If your relative enters care and you believe they have entered due to a primary health need, rather than a social need, then the NHS may be responsible for meeting the full cost of their care.
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Care Fee Specialists
Hello, I am Adam Cresswell and I am a lawyer who specialises in Residential Care Fees. We aim to provide our clients with an outstanding legal service.
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Social care is the name given to the range of care and support services that assist elderly people to remain independent, active and safe. It would include things such as washing and preparing meals. This support can be provided in someone’s house, in a community centre or in a care home.
Health care is determined by a number of assessments undertaken by the NHS. The care needs are assessed across 11 domains. A Multi-Disciplinary Team will them recommend eligible for NHS continuing healthcare based on the nature, intensity, complexity and unpredictability of the care needs.
Your property will be disregarded from the care funding means test if you enter care but your spouse, a relative over 60 or a dependent adult remain in the property. Otherwise, it is taken into account and you may have to sell the property to pay for care fees.
Putting property into trust for your future generations is a complex issue but here at Seatons we can provide you with sound advice to enable you to make the right decisions relating to your property. If the local authority believes the property was placed in trust deliberately, they may still include this in the means test.
Your assets will put you well above the threshold of £23,000 per person at which help is given with funding care in England. You should request to be assessed under the NHS National Framework and if it is decided that you have a health need, the NHS are liable to meet the cost of care. Even if you are not found eligible, you may be eligible for NHS funding nursing care depending on your care needs.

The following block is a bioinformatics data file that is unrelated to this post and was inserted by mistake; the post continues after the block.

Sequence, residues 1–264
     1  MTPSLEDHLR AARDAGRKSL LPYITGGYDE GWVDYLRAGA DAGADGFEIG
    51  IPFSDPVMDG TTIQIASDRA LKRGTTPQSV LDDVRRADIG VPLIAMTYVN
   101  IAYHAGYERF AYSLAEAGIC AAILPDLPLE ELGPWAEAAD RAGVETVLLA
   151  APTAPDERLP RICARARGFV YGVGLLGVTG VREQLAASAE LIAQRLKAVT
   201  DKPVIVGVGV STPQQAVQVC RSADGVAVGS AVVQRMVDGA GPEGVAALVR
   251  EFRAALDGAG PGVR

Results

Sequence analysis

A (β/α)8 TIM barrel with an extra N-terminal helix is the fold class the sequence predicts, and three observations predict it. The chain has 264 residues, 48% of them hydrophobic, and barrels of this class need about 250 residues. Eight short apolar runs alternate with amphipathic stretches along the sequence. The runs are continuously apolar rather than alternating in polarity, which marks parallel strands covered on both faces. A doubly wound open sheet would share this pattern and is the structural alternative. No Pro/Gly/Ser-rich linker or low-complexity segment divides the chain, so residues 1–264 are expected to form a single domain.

Older adults (65 or over) or adults who have a physical, sensory or learning disability may be eligible for residential care. Before entering residential care, you care needs will be assessed to ascertain the type of care you will require and whether the NHS is liable to meet part, or all, of the costs of care.
The final decision is yours but you should consider carefully whether the home you have chosen best meets all of your needs. In relation to the first impressions do the staff and manager appear welcoming, do other relatives look happy and cared for? You should assess the locations and whether the grounds/gardens are attractive, whether your family will be able to easily visit and whether there are any shops or leisure activities local. The last main aspect to assess is whether the home is able to meet your specific cultural requirements, whether visitors are welcome at any time and whether they have the facilities to meet your care needs.
Once decided, arrangements should be made to prepare for the move. If you believe the primary reason for entering a care home is due to a health need, then you should request that an NHS continuing healthcare assessment is carried out. Regardless, a care plan should be drawn up detailing all of your needs.